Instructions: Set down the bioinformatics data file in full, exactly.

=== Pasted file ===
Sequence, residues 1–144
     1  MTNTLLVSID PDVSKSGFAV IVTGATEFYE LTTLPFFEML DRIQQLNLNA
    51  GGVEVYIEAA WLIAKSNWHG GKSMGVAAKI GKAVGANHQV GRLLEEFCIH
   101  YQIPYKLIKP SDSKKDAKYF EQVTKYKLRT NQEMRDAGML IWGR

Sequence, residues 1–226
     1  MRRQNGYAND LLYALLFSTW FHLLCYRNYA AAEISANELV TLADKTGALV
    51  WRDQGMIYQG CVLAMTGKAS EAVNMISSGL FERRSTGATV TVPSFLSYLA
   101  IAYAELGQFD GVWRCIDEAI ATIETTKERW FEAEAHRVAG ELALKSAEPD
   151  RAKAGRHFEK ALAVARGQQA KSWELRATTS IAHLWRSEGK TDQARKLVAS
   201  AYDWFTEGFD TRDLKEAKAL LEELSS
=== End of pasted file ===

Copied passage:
Sequence, residues 1–144
     1  MTNTLLVSID PDVSKSGFAV IVTGATEFYE LTTLPFFEML DRIQQLNLNA
    51  GGVEVYIEAA WLIAKSNWHG GKSMGVAAKI GKAVGANHQV GRLLEEFCIH
   101  YQIPYKLIKP SDSKKDAKYF EQVTKYKLRT NQEMRDAGML IWGR

Sequence, residues 1–226
     1  MRRQNGYAND LLYALLFSTW FHLLCYRNYA AAEISANELV TLADKTGALV
    51  WRDQGMIYQG CVLAMTGKAS EAVNMISSGL FERRSTGATV TVPSFLSYLA
   101  IAYAELGQFD GVWRCIDEAI ATIETTKERW FEAEAHRVAG ELALKSAEPD
   151  RAKAGRHFEK ALAVARGQQA KSWELRATTS IAHLWRSEGK TDQARKLVAS
   201  AYDWFTEGFD TRDLKEAKAL LEELSS